Newspaper article The Christian Science Monitor

Transgressions Damage Control: Where Does Tiger Woods Go from Here?

Newspaper article The Christian Science Monitor

Transgressions Damage Control: Where Does Tiger Woods Go from Here?

Article excerpt

It's perhaps the worst bogey of Tiger Woods' life, and it took place far from the golf course and the world of dazzling drives and fist pumps. And just like at the Masters, there's no mulligan.

In a bizarre series of events, an early-morning car accident involving a tree and a fire hydrant turned into refusals to talk to police, insinuations of spousal abuse, tabloid stories of extramarital affairs, and, on Wednesday a stunning - especially for Mr. Woods - admission that he's "far short of perfect" and did things that were "not ... true to my values and the behavior my family deserves."

As the mystery deepened around the auto mishap that left Woods dazed and bloodied, it put the golfer, one of the world's most preeminent and private sports figures, in an unenviable position: Risk more feverish speculation by keeping quiet, or nip the PR nightmare in the bud by telling all.

The puppy-eyed golfer's tack so far appears to be: Stay true to form, don't fan the flames, wait for the publicity wildfire to die down.

Staying mum can be risky

It's a risky gambit and could instead fuel speculation and subsequent backlash around not only his endorsement deals, but the sport that he, more than any other golfer, represents around the world. But stoic silence could also work, says Paul Swangard, managing director of the Warsaw Sports Marketing Center, in Eugene, Ore.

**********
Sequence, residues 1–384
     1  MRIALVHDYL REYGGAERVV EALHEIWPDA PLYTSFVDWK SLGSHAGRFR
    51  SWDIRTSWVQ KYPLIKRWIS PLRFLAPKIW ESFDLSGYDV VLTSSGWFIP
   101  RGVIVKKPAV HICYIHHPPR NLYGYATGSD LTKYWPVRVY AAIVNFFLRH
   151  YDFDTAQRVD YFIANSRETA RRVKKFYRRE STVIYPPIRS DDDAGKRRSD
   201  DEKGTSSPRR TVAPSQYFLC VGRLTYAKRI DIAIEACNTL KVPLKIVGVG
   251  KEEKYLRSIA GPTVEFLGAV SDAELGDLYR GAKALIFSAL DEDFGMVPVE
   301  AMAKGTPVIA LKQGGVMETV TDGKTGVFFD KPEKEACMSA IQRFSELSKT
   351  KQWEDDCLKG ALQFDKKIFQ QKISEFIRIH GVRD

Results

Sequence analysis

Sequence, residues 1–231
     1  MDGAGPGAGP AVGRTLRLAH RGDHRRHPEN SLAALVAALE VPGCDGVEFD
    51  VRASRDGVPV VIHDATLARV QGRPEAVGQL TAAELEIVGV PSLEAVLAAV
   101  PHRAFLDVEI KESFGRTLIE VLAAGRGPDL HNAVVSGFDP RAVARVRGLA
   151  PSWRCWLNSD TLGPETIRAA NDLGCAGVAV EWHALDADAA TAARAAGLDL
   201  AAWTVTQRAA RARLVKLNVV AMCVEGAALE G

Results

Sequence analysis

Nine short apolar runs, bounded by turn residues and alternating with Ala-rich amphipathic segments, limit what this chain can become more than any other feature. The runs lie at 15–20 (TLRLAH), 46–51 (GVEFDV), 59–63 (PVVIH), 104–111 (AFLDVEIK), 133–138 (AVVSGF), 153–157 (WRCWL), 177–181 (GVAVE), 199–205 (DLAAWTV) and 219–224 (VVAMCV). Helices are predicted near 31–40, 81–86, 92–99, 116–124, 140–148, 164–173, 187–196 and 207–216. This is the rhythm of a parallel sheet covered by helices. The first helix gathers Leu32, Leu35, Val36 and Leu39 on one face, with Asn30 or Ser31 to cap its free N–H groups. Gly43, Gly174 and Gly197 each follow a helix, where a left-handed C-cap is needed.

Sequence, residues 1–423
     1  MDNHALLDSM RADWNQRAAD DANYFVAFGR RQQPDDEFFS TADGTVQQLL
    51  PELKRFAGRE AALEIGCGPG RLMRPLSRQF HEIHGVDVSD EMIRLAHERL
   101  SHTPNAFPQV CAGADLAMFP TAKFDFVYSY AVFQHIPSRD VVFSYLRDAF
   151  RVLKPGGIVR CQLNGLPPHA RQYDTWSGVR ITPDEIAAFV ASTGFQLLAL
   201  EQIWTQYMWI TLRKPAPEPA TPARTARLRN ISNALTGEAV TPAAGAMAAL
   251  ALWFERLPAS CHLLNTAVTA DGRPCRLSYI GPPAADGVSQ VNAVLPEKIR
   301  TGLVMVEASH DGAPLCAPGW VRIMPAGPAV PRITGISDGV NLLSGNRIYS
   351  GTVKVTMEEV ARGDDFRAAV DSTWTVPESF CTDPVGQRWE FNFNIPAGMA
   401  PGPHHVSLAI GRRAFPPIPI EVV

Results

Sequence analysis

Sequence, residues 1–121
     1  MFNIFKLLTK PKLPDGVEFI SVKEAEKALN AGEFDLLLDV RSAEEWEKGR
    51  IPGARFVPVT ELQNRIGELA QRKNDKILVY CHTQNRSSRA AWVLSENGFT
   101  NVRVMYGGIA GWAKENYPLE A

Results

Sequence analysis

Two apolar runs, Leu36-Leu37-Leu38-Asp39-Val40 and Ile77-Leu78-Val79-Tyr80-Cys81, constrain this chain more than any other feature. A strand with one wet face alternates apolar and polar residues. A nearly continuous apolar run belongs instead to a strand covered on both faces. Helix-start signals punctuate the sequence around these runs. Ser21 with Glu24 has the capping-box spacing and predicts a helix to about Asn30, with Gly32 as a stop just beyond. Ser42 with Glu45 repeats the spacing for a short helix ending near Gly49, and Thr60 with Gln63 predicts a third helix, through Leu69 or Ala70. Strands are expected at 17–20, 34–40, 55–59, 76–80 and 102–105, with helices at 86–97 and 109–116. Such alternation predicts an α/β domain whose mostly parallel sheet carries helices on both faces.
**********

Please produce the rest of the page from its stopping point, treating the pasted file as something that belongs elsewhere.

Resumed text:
"The people who are latching onto this and fanning the flames are driven by the titillation of the scandal," says Mr. Swangard. "What Tiger is now trying to do is not give them anything to run with. He's not going to drag himself into this, even though there could be absolutely some there there."

Fellow golfer John Daly, meanwhile, called on Tiger to do the opposite, for the good of the sport and himself. "The thing Tiger needs to look at is, whatever happened, just tell the truth," Mr. Daly said.

Letterman and Sanford

Public confession carries its own risks.

Faced with a blackmail attempt, late-night talk-show host David Letterman, to uncomfortable laughter, admitted his dalliances, and the story largely blew over. For South Carolina Gov. Mark Sanford, a tearful admission of an extramarital affair still haunts him, as the legislature prepares impeachment proceedings over his five-day disappearance this summer when he was visiting his mistress in Argentina.

In his statement Woods denied accusations that his injuries were caused by his wife of five years, Elin Nordegren. He also hinted at the personal philosophy that has guided a long career in which the world of golf was separated by an iron wall from his family, a separation that the media and his fans have, until now, largely respected. Even on Wednesday, much of the sports press has been somewhat subdued with its coverage of Woods' ordeal.

"[N]o matter how intense curiosity about public figures can be, there is an important and deep principle at stake which is the right to some simple, human measure of privacy," Woods wrote on his website Wednesday. …

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